His warning followed comments by Ryanair chief Michael O’Leary last month, who warned inflation, higher taxes and fewer flights would drive up fares.
Mr Spohr said: “I think we see more disciplined players now because everybody took on debt. Lufthansa in the end probably has a $10bn bill of this whole Covid crisis. That’s how much has cost us. So similar numbers for our competitors. So we all will be forced to be more disciplined.
“When we look at the pricing going forward, I agree with my friend Michael from Ryanair.”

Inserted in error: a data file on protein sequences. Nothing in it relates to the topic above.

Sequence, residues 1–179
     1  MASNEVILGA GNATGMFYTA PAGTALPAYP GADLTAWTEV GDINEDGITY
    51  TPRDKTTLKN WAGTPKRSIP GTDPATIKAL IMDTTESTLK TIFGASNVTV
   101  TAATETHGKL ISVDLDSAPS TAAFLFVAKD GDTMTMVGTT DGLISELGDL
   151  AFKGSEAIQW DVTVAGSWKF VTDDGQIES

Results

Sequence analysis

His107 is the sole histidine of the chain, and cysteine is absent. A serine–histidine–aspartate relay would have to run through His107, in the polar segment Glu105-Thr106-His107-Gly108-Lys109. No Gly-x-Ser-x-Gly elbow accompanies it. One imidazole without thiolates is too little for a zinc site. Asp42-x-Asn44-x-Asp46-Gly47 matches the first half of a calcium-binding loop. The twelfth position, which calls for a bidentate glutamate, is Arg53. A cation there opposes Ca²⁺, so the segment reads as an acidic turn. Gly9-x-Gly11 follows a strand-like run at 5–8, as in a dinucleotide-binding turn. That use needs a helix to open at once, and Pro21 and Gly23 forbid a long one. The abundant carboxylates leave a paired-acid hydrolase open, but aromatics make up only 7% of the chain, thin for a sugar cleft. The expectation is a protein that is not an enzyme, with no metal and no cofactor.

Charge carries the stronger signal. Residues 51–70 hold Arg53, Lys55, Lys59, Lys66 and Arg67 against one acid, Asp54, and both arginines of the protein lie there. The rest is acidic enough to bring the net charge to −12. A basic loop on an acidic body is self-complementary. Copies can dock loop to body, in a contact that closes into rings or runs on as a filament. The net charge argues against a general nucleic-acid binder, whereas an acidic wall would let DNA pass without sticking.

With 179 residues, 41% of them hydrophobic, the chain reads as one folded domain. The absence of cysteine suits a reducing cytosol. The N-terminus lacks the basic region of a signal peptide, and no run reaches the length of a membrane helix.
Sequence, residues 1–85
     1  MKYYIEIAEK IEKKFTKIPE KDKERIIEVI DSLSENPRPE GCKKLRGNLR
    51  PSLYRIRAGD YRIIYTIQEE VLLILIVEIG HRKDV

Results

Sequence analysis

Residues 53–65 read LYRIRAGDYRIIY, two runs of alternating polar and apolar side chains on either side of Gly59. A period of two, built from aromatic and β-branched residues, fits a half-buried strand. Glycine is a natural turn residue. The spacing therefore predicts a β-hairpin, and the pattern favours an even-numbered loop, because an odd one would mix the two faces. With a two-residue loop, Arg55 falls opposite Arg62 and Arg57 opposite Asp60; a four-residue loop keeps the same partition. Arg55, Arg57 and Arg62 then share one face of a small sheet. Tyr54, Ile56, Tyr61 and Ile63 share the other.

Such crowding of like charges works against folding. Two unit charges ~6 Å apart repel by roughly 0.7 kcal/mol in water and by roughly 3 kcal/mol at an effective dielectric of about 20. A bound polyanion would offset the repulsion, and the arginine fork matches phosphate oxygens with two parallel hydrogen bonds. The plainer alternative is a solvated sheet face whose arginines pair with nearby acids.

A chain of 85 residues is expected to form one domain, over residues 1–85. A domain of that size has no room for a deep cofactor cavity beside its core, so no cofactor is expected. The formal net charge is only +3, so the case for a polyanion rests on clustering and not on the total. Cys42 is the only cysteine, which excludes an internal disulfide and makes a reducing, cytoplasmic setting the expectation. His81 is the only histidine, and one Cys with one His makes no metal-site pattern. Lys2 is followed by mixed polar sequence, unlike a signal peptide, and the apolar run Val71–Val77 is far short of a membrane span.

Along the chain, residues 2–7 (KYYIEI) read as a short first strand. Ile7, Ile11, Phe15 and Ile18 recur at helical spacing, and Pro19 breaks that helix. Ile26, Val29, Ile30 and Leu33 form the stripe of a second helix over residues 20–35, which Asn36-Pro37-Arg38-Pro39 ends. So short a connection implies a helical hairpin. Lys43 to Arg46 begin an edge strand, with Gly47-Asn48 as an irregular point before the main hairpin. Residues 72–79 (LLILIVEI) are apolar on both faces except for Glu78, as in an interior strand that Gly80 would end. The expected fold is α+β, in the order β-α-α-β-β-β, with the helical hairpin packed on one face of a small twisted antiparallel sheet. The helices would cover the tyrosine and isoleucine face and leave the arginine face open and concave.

Speaking as airline bosses gather in Boston for trade body Iata’s annual conference, Mr Spohr hit back at suggestions Lufthansa, Europe’s second-largest airline, had gained an advantage over British Airways by receiving billions of euros in state aid.
The German, French and Dutch governments stepped in by taking equity stakes in their flag carriers last year, in sharp contrast with the UK, whose support came in the form of loans.
However, Mr Spohr said that BA parent IAG had received state aid. A quarter of the FTSE 100 airlines group is owned by Qatar Airways, which supported a £2.5bn rights issue last year.
He said: “UK-based airlines have received government funds… in this case not from a local government but from a government 4,000km away.”